Let’s Talk About the Lohans

OK, before I begin here, we need to address the skull-faced elephant in the room:

Ali Lohan, demonstrating the new "Ark of the Covenant" diet.

Now, granted, Ali Lohan is 17, and this could be one of the most awkward growth spurts in history (as her PR flack is contending [she has PR flack? Really?]). But, given the history of the Lohan family, I’m thinking growing pains aren’t the full explanation.

And all the fuss over Ali’s most recent… facial choice got me thinking about Lindsay. Poor “Cokepants” Lindsay. Despite her current status as late-night show punching bag and argument in favor of total drug prohibition, there was once a time when she was THE rising young starlet in Hollywood. She was, for a young actress, good and, as she matured, became a very beautiful young woman. (Don’t remember that? I’ll get to Mean Girls in a second.) But, baggage, alcohol, drugs, and poor film choices turned The Great Red Hope into a stumbling-out-of-The-Standard cautionary tale. Let’s look back.

The late 90s brought a remake of The Parent Trap, starring the Dennis Quaid (the sane one), Natasha Richardson, and a newcomer named Lindsay Lohan, whose first role would not only be amongst established actors, but would also be playing twins, one with an English accent. Did it revolutionize child acting? Not so much, but she was rightfully praised for her performance, and with that film a hit, she became a promising young actress. A couple more films for Disney Channel led to another remake, Freaky Friday, where, again, she held her own against an established actor (Jamie Lee Curtis). Things were looking up.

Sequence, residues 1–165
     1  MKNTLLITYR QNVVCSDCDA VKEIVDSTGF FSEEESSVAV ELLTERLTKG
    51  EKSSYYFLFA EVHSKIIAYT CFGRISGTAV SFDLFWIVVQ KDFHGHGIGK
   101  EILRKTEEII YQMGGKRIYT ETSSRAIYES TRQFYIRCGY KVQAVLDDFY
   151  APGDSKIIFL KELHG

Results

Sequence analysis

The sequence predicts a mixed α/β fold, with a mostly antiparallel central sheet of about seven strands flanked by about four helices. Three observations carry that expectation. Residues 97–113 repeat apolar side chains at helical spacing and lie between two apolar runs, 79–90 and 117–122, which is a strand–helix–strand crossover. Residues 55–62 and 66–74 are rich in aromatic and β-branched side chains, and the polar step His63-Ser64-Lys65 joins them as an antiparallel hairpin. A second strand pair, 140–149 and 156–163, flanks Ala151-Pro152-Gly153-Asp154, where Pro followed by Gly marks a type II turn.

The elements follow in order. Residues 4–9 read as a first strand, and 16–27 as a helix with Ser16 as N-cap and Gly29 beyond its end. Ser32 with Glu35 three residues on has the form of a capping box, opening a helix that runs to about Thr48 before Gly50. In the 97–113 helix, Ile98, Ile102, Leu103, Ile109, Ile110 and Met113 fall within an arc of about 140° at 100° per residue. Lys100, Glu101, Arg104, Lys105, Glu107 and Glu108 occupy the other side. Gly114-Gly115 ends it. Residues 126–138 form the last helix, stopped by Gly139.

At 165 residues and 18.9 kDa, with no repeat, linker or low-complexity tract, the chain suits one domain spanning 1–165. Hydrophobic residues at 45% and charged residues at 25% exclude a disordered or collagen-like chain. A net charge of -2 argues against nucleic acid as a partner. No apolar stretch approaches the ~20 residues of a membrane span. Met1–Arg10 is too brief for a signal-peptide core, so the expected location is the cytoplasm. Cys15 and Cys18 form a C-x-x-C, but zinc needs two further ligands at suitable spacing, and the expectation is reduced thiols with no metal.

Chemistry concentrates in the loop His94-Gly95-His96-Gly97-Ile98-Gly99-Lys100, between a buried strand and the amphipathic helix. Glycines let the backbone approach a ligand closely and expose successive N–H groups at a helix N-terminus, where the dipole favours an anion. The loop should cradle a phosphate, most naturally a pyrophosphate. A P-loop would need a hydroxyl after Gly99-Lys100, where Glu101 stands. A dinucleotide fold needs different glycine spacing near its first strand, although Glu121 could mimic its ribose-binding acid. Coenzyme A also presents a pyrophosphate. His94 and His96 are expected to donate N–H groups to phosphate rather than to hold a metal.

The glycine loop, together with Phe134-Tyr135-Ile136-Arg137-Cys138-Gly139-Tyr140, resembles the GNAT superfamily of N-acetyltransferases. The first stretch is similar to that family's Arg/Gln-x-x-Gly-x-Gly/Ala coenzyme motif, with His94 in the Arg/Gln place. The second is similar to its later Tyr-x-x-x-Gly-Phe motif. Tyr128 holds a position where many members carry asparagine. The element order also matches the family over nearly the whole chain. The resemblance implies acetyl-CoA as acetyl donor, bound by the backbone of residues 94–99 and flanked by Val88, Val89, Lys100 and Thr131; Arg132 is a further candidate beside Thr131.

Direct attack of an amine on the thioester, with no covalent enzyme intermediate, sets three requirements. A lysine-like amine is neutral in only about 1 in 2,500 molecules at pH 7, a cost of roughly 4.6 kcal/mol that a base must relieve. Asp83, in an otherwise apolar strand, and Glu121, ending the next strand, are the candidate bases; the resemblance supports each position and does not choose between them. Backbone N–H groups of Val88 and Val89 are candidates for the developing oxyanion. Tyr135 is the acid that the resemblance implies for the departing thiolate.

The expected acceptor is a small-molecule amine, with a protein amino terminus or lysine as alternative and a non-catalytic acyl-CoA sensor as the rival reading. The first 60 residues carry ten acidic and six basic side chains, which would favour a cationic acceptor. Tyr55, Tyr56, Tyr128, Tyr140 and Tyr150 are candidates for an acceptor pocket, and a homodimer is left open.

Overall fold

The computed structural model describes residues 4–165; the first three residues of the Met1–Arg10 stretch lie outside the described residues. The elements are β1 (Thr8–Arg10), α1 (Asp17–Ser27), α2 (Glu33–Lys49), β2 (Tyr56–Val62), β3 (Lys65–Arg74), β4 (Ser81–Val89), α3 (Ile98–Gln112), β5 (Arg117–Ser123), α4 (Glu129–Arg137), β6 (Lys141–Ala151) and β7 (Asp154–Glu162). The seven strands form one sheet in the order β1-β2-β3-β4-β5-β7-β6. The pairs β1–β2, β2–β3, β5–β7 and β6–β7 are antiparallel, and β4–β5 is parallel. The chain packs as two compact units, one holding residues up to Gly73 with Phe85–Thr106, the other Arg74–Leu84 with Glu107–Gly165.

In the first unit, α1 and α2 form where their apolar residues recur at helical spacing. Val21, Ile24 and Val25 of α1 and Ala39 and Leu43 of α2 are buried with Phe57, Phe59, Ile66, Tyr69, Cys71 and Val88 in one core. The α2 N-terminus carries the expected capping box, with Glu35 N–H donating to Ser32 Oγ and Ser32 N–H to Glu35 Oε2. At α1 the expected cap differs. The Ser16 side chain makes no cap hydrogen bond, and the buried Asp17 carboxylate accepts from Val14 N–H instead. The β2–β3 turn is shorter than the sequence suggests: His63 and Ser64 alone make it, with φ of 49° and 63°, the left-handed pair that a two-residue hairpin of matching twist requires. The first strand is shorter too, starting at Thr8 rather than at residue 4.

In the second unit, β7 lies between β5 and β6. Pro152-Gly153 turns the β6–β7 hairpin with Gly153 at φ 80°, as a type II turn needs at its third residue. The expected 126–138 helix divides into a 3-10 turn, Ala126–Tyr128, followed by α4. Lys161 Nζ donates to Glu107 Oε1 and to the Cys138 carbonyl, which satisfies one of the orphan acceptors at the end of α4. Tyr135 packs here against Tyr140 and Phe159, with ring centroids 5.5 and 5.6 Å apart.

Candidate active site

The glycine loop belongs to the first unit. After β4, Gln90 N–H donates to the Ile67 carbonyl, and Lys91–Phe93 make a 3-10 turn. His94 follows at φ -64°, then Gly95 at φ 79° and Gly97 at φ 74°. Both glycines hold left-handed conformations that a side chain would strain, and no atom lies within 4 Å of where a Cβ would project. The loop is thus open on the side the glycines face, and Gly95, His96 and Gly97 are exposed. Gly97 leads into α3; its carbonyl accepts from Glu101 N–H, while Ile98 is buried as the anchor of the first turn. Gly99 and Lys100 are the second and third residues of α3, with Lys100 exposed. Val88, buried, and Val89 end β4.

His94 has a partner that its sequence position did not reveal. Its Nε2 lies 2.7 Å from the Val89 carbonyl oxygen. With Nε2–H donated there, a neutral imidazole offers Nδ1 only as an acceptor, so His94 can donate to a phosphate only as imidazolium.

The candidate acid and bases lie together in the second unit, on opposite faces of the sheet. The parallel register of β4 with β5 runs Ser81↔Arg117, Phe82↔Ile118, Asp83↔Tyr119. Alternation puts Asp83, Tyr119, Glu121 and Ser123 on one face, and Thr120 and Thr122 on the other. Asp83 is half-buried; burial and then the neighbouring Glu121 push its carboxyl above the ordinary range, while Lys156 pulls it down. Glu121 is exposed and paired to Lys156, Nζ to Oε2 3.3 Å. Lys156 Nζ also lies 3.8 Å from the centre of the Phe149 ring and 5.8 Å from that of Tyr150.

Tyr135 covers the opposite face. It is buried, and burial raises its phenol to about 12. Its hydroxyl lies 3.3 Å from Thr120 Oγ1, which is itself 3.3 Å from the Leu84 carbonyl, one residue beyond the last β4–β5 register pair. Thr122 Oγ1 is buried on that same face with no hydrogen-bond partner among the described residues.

Up toward Chad Michael Murray, apparently.

2004 brought what would be the pinnacle of her success, critically and aesthetically: Confessions of a Teenage Drama Queen Mean Girls. This movie did something nearly impossible: took a teen girl-centered story and made it appealing to everyone. (Tina Fey’s involvement had a lot to do with it.) It was well-written, funny, intelligent, and, most importantly, introduced America to a Murderer’s Row of young hotties:

  • Lohan herself
  • Rachel McAdams
  • Lacey Chabert (which was a shock if you only remembered her as the annoying sister on “Party of Five”)
  • Amanda Seyfried (my love of her is well-documented)
  • Lizzy Caplan

It was a confluence of a great movie, great talent, and great looks. It was a hit outside of the Disney system, and a sign that things were moving onward and upward for Lohan. It would also be, arguably (but not really arguably), her peak.

The next couple of years were a holding pattern for her, filled with bombs (Just My Luck, Herbie, Bobby, Chapter 27), but nothing that she really took the fall for. However, 2007 was a critical year; for her, it represented the fall of her legitimate movie career, and for us, her entree into Yakmala! country. 2007 is when both I Know Who Killed Me and Georgia Rule were released. I don’t think Peter McNeely even took that much punishment from Tyson.

"That's for making Lohan into long-lost twins!"